"Iceberg! Right ahead!" Fredrick Fleet, one of the lookouts of the ill-fated Titanic, exclaimed the night of April 14th, 1912. Jump ahead 100 years and once again, ships will be dodging ice -- this time in the south Atlantic.
According to the BBC, an iceberg the size of Singapore -- or twice the size of Atlanta (270 square miles) -- is drifting in the South Atlantic after it broke off the western tip of the continent from the Pine Island Glacier.
Scientists say that an iceberg this size could linger around in the Atlantic, even in the subtropical latitudes, for up to a year---perhaps longer. This means that a sizable iceberg could find its way in the middle of busy south Atlantic shipping lanes and therefore pose hazards to the ships.
Ice breaking off the Antarctic ice sheet is a regular occurrence; especially in the very volatile, unstable region of the western ice sheet. According to scientists, an iceberg this size breaks off once every two years or so. Pictured right is from the BBC showing the huge crack in the ice sheet in 2012.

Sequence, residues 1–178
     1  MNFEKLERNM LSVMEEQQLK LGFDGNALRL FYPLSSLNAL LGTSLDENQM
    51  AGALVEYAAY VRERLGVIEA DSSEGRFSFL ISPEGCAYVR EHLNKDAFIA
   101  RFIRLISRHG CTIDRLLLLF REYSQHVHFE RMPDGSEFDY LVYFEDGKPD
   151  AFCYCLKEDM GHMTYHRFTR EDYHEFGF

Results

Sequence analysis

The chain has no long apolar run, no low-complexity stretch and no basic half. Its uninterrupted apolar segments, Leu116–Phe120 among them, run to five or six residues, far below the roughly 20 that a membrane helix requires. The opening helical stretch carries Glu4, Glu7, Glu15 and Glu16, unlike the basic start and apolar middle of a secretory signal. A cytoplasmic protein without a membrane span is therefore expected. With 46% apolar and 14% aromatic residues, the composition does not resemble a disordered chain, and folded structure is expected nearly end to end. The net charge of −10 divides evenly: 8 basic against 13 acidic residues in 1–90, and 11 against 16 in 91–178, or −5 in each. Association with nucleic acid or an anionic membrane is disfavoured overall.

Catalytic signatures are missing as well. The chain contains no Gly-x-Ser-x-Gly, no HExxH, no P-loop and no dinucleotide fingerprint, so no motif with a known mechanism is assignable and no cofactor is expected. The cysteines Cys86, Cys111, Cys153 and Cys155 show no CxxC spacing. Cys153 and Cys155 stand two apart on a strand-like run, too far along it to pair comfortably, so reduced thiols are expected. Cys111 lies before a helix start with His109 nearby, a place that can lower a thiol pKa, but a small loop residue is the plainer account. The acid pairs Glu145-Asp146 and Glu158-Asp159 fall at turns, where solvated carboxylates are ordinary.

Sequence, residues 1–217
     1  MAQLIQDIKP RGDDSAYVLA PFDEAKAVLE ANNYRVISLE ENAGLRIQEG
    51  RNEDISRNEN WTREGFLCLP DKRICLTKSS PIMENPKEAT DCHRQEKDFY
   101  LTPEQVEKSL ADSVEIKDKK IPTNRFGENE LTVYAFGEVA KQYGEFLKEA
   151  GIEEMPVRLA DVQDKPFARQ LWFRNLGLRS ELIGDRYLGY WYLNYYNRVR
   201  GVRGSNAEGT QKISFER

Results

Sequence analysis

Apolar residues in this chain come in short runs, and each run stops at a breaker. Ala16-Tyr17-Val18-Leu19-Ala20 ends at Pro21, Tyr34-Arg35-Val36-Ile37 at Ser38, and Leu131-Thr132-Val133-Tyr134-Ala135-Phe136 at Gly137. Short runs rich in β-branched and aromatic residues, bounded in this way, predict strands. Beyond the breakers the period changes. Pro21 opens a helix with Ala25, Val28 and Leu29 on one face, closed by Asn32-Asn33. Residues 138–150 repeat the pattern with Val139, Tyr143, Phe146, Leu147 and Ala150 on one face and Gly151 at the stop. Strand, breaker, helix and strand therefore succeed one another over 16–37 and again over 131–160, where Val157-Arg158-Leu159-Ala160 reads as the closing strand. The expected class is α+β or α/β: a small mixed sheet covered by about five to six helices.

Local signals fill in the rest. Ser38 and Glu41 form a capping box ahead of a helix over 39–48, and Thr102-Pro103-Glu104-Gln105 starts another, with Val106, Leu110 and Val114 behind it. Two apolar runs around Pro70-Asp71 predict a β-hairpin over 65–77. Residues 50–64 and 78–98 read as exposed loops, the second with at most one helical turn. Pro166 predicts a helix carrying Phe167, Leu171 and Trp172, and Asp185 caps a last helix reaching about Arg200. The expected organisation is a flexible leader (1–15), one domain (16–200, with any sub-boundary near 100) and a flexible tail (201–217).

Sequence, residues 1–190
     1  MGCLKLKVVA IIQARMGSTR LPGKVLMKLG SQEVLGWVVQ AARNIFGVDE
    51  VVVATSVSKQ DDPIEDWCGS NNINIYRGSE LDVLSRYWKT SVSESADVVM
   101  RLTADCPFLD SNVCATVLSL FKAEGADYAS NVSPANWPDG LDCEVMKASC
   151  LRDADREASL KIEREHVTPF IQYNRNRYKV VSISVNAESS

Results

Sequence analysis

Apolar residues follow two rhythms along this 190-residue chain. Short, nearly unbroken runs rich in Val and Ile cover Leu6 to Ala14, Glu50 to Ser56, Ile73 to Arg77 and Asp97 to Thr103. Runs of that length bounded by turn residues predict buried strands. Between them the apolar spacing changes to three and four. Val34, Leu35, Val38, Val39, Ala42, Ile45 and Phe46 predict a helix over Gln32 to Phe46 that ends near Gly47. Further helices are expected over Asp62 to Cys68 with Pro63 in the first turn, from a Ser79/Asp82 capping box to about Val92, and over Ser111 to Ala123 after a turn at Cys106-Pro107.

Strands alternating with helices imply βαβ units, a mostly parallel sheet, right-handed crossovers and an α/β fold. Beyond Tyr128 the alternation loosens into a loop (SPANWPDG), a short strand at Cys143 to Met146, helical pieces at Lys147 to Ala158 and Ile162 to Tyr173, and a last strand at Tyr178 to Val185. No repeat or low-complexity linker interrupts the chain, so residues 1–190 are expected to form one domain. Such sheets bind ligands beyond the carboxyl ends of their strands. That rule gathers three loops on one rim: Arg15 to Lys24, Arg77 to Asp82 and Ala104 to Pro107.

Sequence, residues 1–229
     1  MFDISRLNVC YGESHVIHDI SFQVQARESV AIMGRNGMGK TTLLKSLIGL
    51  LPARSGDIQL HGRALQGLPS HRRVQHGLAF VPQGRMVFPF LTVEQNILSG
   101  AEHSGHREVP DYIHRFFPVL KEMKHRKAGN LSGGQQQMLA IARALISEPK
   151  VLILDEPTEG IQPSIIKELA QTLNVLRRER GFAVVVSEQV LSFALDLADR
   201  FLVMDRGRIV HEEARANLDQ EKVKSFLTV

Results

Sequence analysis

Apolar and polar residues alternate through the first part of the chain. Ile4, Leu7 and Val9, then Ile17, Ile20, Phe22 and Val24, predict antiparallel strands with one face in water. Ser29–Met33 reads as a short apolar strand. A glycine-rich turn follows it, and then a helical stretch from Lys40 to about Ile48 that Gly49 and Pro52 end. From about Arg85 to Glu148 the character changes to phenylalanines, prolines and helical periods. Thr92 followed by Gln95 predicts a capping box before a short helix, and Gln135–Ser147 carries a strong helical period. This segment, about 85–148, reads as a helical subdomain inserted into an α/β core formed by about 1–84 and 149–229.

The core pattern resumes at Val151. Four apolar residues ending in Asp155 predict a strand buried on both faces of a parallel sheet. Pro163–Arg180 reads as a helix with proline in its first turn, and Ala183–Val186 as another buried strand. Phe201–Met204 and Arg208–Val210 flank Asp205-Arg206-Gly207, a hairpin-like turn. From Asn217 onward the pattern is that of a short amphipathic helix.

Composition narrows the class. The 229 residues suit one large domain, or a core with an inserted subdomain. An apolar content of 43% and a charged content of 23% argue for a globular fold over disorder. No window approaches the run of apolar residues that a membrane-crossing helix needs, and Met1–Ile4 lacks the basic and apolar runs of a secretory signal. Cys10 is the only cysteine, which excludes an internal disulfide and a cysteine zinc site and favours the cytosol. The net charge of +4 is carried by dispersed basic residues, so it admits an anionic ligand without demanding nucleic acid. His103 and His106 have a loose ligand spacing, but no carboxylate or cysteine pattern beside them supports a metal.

Let's not forget that they are quickly approaching summer there as well. So natural retreat and cracks in the ice are common. This particular crack in the ice sheet appeared in 2011.
Because of the threat to the shipping lanes, researchers have been granted emergency grant money to track the berg as it heads toward the busy shipping lanes.
Keep that in mind next time you cruise. Maybe it is high time you actually pay attention to the lifeboat drills! Just remember, women and children first.
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